The principle of reciprocity is basic to the foundation of sales relationships.  It is basic to all human relationships. This principle defines the human desire to want to give something back when something is received. This compelling need is strongest when something is given without the expectation of receiving something in return.  The strongest and longest lasting inter-personal relationships are based on the principle of reciprocity.

The “Golden Rule”, a basic principle of Christian theology and practiced by other religions and cultures throughout the world says, “Do unto others as you would have them do unto you.”  This principle suggests doing something for someone else, something that you would like, regardless of what their actions may be.  Leonard T. Hobhouse, a liberal politician and professor at Oxford and London Universities in the late eighteenth century said, “Reciprocity is the vital principle of society”.  Richard Thurnwald, one of the most renowned social anthropologists of the modern era taught, “The principle of reciprocity is the basis on which the entire social and ethical life of civilization rests.”  The French sociologist, Marcel Mauss, in his short book entitled The Gift, stated, “Reciprocity is the human rock on which societies are built.”

What are you doing to incorporate this basic and powerful principle into your sales process?  Salespeople should always be looking for specific ways to incorporate this principle in their sales activities.  Doing something for someone else has a universal acceptance and will become one of the most powerful actions you will ever employ in your sales career.  One of my sales training and coaching clients, Jamie Earl with Holland Equipment, shared this experience with me.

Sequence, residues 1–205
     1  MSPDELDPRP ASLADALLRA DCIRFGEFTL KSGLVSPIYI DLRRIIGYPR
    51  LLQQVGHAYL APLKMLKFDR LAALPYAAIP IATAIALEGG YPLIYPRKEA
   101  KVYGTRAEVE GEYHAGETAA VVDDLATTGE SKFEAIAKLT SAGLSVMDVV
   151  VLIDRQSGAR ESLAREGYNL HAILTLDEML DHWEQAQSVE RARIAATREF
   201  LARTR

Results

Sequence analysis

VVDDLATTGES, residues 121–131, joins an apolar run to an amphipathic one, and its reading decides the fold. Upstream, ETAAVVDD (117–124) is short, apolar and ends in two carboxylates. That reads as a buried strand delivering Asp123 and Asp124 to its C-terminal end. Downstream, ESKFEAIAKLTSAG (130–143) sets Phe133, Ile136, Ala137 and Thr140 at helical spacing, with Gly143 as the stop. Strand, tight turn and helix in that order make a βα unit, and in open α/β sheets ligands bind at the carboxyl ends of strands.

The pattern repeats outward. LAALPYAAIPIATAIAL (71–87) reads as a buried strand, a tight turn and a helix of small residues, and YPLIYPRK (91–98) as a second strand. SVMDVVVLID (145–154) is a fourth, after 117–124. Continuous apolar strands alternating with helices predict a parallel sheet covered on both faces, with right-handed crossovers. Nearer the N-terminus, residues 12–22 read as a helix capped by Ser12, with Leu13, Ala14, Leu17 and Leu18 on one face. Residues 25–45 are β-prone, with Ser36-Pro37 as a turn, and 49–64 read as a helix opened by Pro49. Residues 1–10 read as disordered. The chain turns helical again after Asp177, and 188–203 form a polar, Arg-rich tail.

“I recently spoke with Tim, my Business Performance Group Sales Coach in our training session, about doing things for our customers that helps them out; in other words, giving something that benefits them.  I’m not just talking about taking them to lunch to benefit them by making their bellies full.  I mean doing something that honestly either makes their day easier or helps them with their business.  I recently had the opportunity to do this with one of my customers.” 

“I grew up in a farming and ranching community.   Well, as it turns out, I have a customer that runs a few cattle on the side.  He is the one that orders their “wear parts” and up to that point, he was cordial with me but was buying his edges elsewhere.  As it turned out, I happened to call him on the day he was going to do some branding and tagging, but he needed some help.  He couldn’t do it by himself and I offered to help him.  I spent about half a day with him out on the ranch with some of the other guys he works with and we had a lot of fun.  It was amazing what that little act of kindness turned into.  He has since been extremely happy to see me whenever I come into the shop and is willing to send any business he can my direction.  It hasn’t been a lot of business yet, but we have forged a friendship that I feel will last a lifetime.”  

Holland Equipment

This example is the perfect embodiment of the principle of reciprocity.  It doesn’t matter what you do to help someone, what matters is that you do it.  And when you do, they will reciprocate in some form or fashion.  At the heart of selling is the principle of helping others to achieve what they need.  When you succeed in helping them, they will respond by helping you achieve your objective, which is to earn an income.  When you apply this principle two things will happen.  First, you will experience greater personal satisfaction in your profession and second, you will be more financially successful.

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Copyright: The Business Performance Group, Inc.
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